- CONSTANT CONFLICT. At every moment and in every scene there must be a problem for your characters – preferably a pressing overall story problem as well as a present-moment scene problem. There is an unanswered question that is important to them, and to us, that is driving the action forward. Whenever that doesn’t exist, the story goes slack. When characters are happy and a scene is about exploring that, the audience will always begin to yawn. There must be something threatening that happiness in the background that is still very present in our minds – and that happiness has to be partial and very temporary.
- SINGULAR POINT OF VIEW. Very occasionally, a movie succeeds that is a true ensemble: a collection of mini-stories with different main characters (like THE BIG CHILL), or a “couple story” where it’s hard to define who is more central (like PRETTY WOMAN). But these are so rare, and difficult to pull off, that they are truly the exception to this rule: There must be a main character whose point-of-view we experience the story from – and whose emotions and desires we take on. Usually, they are present in (or the main topic of) virtually every scene. Be clear about whose story it is, if you want to make us care.
- ENTERTAINMENT IS ABOUT EMOTION. We are not primarily trying to stimulate people’s minds by presenting them with things which are interesting. Our primary job is to stimulate them to feel something – and that’s what audiences pay us to do. At the end of the day, we all want to be uplifted into states of greater joy, greater passion, greater aliveness. We want to feel part of something we care about, relate with and feel connected to, and through that, to experience big emotions that will provide a release and escape. Some stories are about problem-solving, and some give us something useful or enjoyable that we can take into our day-to-day life. But first and foremost, we must have emotional investment to take the journey.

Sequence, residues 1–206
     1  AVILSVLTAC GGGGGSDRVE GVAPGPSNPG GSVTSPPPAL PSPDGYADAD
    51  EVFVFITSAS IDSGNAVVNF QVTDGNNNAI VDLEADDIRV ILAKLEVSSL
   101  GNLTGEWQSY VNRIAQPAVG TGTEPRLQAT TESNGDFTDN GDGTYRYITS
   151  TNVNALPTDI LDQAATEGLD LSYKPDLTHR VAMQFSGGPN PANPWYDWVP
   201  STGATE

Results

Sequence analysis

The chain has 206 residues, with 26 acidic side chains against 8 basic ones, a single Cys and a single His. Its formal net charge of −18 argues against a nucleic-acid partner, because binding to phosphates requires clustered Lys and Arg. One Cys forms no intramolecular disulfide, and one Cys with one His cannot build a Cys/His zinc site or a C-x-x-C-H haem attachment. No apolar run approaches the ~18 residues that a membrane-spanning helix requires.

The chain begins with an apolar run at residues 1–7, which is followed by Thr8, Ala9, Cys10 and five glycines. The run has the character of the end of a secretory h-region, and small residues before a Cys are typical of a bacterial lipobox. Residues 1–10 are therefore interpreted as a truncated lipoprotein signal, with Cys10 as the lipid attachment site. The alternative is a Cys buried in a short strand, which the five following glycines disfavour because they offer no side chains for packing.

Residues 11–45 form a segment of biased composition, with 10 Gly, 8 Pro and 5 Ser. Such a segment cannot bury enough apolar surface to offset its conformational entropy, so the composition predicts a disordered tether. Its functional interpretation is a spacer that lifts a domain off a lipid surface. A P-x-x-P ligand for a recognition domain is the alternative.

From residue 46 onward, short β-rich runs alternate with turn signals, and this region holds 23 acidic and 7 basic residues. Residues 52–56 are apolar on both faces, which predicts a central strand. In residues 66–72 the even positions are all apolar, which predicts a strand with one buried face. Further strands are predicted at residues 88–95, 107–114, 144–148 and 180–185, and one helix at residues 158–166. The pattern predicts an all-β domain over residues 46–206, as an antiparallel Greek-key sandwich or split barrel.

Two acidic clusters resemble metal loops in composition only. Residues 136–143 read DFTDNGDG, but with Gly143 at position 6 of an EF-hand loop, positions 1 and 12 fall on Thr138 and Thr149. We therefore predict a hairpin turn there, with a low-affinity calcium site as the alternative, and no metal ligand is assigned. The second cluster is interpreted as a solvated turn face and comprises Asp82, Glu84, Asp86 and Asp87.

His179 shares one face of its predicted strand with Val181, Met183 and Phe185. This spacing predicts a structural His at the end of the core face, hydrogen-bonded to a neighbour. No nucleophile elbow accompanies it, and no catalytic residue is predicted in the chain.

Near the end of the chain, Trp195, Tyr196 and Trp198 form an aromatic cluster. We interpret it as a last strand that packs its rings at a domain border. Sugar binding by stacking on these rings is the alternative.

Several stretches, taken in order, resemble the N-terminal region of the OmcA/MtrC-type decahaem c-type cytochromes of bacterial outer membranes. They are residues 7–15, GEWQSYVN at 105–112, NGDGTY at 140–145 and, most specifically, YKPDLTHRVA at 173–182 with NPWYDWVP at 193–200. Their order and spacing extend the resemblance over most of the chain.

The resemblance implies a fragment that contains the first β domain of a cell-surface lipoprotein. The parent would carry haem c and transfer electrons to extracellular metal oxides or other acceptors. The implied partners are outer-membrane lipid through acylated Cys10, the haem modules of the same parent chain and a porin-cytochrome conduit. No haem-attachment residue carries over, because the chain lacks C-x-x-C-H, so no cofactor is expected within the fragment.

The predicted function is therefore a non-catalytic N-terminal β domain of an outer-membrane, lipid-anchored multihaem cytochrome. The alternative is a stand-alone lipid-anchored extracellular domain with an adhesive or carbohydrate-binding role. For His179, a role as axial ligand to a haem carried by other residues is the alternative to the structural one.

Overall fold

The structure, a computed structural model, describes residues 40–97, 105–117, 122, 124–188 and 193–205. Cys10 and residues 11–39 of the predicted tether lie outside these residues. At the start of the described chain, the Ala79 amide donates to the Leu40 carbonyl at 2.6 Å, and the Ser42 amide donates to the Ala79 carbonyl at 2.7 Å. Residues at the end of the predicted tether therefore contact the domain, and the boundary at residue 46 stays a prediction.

- “IT’S REAL” IS NOT ENOUGH. Whether you’re writing about a true story, or just a type of situation or character that you know exists in the real world, every story needs to be a coherent emotional journey from beginning to end, in order to really succeed with audiences. The fact that an event was an interesting or key element that really occurred does not justify it’s inclusion. Our job is always to serve the overall concept and story, and keep the audience focused on and compelled by that. If you’re tempted to include something that wouldn’t fit into a totally made-up story, only because it’s “true” or “really happened” or seems “important” or “cool” in and of itself, but it doesn’t connect to this larger purpose, you will dilute your impact.
- SEEK TO “GIVE,” NOT TO “GET.” First and foremost, what works in life also works in a screenwriting career. If your focus is on receiving money, employment, praise, or success, and you are writing in order to try to get those things, your work will never come alive and be as successful as if you are truly giving something to the world that you believe is of value, without attachment to what it might do for you. Ironically, outer success seems to always come from this pure intention, and not from trying to make something happen for yourself. It’s tempting to focus on who you can get your material to, or what you want from them, in order for you to “succeed” in your career, but you will always be better served if you focus on bettering your craft, your work, and yourself, and seeking to give something you’re excited about. Keep adjusting and adding to what you do so that you are giving more and more value, in ways that you believe in. That value will come back to you, probably through better channels than you expected: because the business – and the world – is hungry for good material.
(Special thanks to my guest blogger today, Erik Bork. Erik won an Emmy for his work on BAND OF BROTHERS. His script notes are the best I've ever received. Amazing that such a talented writer does consulting. He's reasonably priced and a nice guy. For more articles and information, check out Erik's website at